For many social media managers, 2016 was a whirlwind.
Though it saw its fair share of hatred spewing and Twitter trolling, data from Instagram say love-related posts, photos and cartoon icons appeared more frequently than their negative counterparts.
From Pop Sugar:
According to Instagram, #Love was the most popular hashtag in 2016 for the third year in a row. A quick search of the hashtag on Instagram pulls more than 900,000,000 results. Since people use #love in so many different ways, it's not surprising that it won again.
Younger audiences seem more optimistic than many social media pros might think. More and more, millennials are using emojis to show their support of something or someone online.
From Social Draft:
Instagram tends to skew towards a younger population. According to a recent Pew study, 55 percent of online adults ages 18 to 29 use Instagram. It should come as no surprise to you that emojis work on this social network.
Emojis have become a common language for brand managers who seek to expand their online audiences. Want to increase your interaction with Instagram users? Show a little love with your emoji choices.
The award for the most commonly used emoji of the year goes to the little red heart. "Heart eyes" and "joy face" round out the three most-used digital images on the photo-centric social media site.
Here are Instagram’s top 10 most-popular emojis of 2016:
1. Red Heart ❤
2. Smiling face with heart-shaped eyes 😍
3. Face with tears of joy 😂
4. Face blowing a kiss 😘
5. Two hearts 💕
6. Smiling face 😊
7. OK hand sign 👌
8. Victory hand ✌️
9. Party hat 🎉
10. Blue Heart 💙
Madeline Buxton, associate tech editor at Refinery 29, says she was surprised that the Stars and Stripes didn’t make the cut.
Though many of the oft-used emoji have something in common with the most popular hashtag of the year (#love), there are a few surprising winners among the bunch. The party hat? Really? Given that 2016 was the year of the Olympics and the election, I would have thought the American flag emoji would have flown high. Or at least the flexed arm that seemed to have strengthened almost every post I saw all year.
RELATED: Attend the Big 5 social media boot camp, with presentations on Facebook, LinkedIn, Twitter, Snapchat and Instagram.
Why are emojis so successful on Instagram? Consider the natural fit of visual commentary on a visual channel.
From Social Draft:
This powerful internet shorthand helps you immediately communicate exactly what you’re trying to get across without having to write a novel with each and every Instagram post.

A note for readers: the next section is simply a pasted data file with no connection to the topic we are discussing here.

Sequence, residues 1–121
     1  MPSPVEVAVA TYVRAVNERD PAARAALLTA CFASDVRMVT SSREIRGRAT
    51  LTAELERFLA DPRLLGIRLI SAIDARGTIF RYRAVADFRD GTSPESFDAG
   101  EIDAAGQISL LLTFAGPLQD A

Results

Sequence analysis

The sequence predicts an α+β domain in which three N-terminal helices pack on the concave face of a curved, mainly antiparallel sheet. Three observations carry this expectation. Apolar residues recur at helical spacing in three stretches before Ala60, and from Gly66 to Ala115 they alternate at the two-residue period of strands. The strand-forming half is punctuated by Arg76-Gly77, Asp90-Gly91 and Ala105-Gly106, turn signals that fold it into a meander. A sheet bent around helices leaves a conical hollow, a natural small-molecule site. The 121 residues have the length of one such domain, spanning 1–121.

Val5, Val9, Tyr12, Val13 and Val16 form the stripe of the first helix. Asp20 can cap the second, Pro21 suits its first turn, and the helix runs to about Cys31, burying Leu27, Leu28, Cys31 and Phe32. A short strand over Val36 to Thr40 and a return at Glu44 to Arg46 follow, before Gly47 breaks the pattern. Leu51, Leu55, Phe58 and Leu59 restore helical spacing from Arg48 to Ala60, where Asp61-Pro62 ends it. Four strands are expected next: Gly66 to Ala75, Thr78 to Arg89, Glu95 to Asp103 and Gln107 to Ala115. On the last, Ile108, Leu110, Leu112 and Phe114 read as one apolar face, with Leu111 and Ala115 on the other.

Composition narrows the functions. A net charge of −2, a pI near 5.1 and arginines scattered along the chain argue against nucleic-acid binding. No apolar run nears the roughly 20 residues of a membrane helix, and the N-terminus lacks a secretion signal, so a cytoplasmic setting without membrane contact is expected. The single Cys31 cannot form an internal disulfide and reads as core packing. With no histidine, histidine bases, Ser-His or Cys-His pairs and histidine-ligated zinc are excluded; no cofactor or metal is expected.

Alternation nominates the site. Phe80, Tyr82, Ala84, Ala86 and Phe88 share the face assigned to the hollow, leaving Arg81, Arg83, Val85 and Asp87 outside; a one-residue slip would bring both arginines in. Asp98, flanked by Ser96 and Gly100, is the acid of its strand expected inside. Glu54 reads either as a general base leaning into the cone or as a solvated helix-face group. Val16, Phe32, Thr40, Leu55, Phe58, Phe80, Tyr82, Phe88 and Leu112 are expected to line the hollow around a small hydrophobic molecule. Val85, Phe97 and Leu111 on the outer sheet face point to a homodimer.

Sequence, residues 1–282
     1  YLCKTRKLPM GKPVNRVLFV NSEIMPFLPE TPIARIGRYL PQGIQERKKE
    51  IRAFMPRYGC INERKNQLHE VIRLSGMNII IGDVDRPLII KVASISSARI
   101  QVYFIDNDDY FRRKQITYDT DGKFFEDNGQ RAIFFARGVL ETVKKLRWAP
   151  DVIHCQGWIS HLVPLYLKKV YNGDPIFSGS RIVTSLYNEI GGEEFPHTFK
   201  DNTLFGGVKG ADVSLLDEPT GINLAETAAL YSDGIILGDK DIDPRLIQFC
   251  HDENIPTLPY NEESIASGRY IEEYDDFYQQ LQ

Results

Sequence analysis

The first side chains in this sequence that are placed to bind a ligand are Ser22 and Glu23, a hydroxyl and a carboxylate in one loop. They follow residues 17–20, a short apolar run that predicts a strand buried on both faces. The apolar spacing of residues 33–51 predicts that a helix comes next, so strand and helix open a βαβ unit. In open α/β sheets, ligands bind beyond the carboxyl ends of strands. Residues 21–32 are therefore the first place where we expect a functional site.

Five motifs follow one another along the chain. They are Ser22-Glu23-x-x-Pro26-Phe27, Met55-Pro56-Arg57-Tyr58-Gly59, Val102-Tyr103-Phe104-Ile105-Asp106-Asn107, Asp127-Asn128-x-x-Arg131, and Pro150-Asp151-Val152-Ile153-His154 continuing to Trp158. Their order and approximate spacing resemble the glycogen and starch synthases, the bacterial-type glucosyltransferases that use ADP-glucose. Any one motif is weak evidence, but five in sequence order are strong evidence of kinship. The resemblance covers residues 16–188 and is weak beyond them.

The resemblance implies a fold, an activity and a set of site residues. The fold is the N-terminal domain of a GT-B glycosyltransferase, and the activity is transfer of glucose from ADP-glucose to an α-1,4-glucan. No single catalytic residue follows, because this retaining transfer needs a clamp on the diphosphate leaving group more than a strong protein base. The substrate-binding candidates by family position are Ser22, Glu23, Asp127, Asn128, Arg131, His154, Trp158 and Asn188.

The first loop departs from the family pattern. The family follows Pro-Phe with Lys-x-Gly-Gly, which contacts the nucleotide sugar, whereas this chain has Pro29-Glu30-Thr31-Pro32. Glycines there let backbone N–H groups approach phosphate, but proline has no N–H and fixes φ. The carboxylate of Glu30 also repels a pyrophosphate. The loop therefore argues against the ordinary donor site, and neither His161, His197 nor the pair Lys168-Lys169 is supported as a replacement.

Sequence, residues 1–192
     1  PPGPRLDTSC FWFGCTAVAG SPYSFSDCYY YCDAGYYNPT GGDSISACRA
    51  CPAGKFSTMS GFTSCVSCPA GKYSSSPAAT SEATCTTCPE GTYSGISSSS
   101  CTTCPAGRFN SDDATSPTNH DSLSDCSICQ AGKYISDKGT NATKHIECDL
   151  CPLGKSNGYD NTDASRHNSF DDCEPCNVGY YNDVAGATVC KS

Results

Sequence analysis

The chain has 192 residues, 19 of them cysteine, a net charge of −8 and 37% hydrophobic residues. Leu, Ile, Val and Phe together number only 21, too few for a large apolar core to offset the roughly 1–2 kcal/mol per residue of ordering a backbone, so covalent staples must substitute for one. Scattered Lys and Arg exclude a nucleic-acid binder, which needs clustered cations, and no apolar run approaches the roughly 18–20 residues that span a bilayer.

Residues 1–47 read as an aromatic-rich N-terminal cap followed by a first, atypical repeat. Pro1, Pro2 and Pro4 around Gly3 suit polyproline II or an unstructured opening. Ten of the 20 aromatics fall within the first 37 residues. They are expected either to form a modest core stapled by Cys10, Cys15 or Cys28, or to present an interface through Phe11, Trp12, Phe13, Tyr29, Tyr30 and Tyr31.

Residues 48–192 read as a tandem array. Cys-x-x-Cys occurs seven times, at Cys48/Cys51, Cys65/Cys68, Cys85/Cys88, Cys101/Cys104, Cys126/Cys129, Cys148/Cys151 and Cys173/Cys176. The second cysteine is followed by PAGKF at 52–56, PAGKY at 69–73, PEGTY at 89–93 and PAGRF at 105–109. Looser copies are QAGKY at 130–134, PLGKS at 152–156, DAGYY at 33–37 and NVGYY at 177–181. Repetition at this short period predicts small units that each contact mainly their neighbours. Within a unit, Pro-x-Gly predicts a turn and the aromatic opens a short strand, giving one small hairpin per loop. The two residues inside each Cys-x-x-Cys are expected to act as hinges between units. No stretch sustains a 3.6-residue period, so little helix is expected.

It’s important to realize just how valuable these emojis can be to your bottom line, and the best way to really hammer this point home is to realize that individual emojis alone have been individually hash tagged more than 6.4 million since the emoji hashtag release last April.
Apple announced today that its latest software update will include more than 70 redesigned emoticons—along with updates to old favorites.
Here’s what’s coming, per Mashable:
The update adds the 72 new characters that have been part of the iOS 10.2 beta since last month, as well as the new professional emoji that show men and women in new careers.
We're also getting some of the more controversial characters, for example a new gorilla emoji (cue the Harambe memes) and a creepy clown. Included in the new emoji update are the facepalm, selfie, several new smileys and lots of new food.
Almost all of the emoji characters look much more realistic and three-dimensional. Apple also redesigned just about all of the existing emoji so many of your old favorites will now look a lot different.
In other news…
Outside Instagram, online engagement in 2016 was not exclusively positive. Measurement organization iQ Media reviewed this year’s biggest TV and online moments to see which garnered the most engagement.
Here’s a short roundup of noteworthy news, from iQ’s “Top Media Moments” list:
Brexit left more of a sting than the Zika virus and came in as the most talked about story of the year with 3,955,842 mentions. Zika nabbed mentions (2,301,706).
Beyoncé came in second only to herself in celebrity news. Lemonade generated 179,279 mentions. Her Super Bowl performance show was talked about 157,184 times.
Microsoft's purchase of LinkedIn was the most-discussed online acquisition, with 10,372 mentions.
How did you interact with 2016’s most popular news, emojis and hashtags, PR Daily readers?